How did you pay for your education, H.G.?
I don’t remember when, or even if, my parents told me that I would have to pay for college on my own, but it was always a cut-and-dry fact in my mind. The idea of getting loans to pay for college never really seemed like a possibility (I’m still in awe of the fact that I’ve been able to get law school loans with fairly little effort), so I set out to get as many scholarships as possible.
Since my main accomplishment in seventh grade basketball had been being tall enough to be in the way, academics was really my only option. In high school, I set out to take the most advanced courses offered, which isn’t too difficult in a school with no AP classes and one foreign language offering. I took the ACT several times, for reasons that are no longer clear, but came away with an almost perfect score. I joined all of the clubs you can imagine a nerdy kid being in—I was on the Math and Scholar’s Bowl (aka Quiz Bowl) teams, president of the honor society, and part of a local civic service club. I volunteered to hand out Fig Newtons to blood donors. Once I turned 16, I started working at McDonald’s, mostly to have money, but also because it showed dedication and a good work ethic.
As a senior I applied almost exclusively to in-state schools, expanding to one school the next state over because someone (my mom? the guidance counselor?) insisted on it. I searched and applied for scholarships constantly, writing essays that I thought were so very deep, which I’m sure are so very embarrassing now. I interviewed for scholarships at a couple of schools in “business” clothes from Cato’s that I absolutely hated. At one interview, the kid who interviewed before me told his mother that they asked him what animal he would be; he chose an eagle. His mom thought that was an excellent choice of strength and valor; I rolled my eyes at my own mother (Mothers, of course, are always there for a scholarship interview in Alabama). In my interview, they asked me the absolutely ludicrous question of “Have you ever done something that hurt people you cared about?” and for some reason, I told them about my suicide attempt. I wasn’t entirely surprised when I found out I was on the waitlist for the scholarship, but I cried for hours anyway. Some weeks later, I graduated off the waitlist and cried for a whole other reason.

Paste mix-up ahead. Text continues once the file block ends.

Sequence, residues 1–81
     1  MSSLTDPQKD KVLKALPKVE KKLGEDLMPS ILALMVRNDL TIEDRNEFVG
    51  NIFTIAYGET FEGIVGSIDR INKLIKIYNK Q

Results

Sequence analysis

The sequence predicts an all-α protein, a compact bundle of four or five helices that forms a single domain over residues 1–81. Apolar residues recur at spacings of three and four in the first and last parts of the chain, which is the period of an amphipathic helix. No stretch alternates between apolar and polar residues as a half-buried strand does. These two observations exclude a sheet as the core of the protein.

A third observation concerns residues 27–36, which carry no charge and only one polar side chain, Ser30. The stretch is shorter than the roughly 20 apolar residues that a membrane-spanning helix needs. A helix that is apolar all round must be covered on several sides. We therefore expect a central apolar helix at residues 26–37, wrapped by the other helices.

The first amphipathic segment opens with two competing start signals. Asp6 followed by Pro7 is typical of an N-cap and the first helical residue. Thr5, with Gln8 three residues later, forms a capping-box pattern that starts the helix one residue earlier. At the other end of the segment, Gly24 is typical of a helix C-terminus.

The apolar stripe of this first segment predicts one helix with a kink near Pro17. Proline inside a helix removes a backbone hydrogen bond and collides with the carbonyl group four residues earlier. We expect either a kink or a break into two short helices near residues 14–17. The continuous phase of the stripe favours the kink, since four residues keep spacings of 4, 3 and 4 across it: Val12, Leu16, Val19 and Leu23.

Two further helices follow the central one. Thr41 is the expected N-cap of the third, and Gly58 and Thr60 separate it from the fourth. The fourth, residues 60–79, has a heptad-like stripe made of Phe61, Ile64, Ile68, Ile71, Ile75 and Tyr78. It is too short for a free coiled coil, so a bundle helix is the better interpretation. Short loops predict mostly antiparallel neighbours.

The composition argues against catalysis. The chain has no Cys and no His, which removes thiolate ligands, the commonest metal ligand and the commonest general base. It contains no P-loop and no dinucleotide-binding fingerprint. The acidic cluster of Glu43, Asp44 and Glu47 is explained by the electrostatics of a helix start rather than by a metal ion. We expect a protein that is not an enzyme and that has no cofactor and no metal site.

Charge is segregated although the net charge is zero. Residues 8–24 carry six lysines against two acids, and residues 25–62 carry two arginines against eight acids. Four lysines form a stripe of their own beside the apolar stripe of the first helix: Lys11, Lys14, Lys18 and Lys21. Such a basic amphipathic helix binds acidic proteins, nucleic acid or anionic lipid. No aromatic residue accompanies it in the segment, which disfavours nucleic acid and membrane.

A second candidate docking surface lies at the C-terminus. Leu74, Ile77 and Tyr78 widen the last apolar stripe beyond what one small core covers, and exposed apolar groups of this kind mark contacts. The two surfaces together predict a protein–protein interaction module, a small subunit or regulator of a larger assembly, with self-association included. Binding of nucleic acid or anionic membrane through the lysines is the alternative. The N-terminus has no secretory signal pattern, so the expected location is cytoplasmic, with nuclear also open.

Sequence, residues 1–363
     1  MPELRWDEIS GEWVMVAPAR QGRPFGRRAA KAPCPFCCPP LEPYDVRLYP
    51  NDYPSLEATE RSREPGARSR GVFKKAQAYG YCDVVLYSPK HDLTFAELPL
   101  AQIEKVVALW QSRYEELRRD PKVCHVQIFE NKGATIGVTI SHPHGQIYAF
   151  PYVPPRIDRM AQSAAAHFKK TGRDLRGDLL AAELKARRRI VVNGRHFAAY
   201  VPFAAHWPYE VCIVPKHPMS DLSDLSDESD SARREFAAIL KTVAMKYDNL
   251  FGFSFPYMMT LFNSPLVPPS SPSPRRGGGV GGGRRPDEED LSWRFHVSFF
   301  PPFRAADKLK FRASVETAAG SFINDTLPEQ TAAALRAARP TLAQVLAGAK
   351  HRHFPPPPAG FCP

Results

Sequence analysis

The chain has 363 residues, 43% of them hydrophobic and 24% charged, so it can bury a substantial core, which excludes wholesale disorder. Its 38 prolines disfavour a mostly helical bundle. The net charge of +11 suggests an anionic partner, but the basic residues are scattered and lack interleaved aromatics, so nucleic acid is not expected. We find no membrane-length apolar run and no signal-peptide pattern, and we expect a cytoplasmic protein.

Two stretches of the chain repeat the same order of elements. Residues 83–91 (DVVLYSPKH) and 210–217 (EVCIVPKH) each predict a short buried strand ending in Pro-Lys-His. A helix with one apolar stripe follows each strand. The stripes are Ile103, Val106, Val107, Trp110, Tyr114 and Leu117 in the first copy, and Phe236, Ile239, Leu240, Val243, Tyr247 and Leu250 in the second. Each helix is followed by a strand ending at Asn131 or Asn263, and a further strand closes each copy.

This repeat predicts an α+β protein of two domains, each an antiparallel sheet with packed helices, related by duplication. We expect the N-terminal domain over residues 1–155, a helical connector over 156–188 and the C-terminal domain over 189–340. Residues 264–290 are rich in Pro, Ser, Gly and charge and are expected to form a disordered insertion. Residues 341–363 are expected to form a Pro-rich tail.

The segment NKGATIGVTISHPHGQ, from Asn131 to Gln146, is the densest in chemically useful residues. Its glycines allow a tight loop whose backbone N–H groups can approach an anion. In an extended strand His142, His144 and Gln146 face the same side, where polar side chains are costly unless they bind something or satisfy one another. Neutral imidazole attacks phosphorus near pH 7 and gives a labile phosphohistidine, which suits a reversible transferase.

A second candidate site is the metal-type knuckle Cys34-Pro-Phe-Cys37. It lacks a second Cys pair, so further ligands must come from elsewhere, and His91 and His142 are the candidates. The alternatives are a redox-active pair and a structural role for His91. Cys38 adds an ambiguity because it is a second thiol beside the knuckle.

My scholarship paid for 8 semesters’ tuition and dorms, a laptop, and money for meal plans, books, and living expenses. I got a few other scholarships, including one for my dedicated McDonald’s service. Once I was at school, I took on a job planning on-campus events that paid the amount of my dorm over again, and had a couple other part time jobs over the years. For the first (and last?) time ever, I actually had more money that I really needed. I used a large part of it to buy a new-to-me car when I was a freshman. As a senior, I used some to study abroad for half of the summer. I used the rest to live mostly unemployed (mostly involuntary) for the 5 months between graduation and the beginning of law school.
I didn’t luck into such an incredible setup for law school. As the government likes to remind me, I have about $140,000 in loans for the past three years of education. But, I am lucky that, unlike many of my classmates, this is my only debt. Furthermore, I can defer, get income-based repayment, get assistance from my expensive law school and, in my chosen field, get forgiveness in 10 years.
H.G. is a lawyer.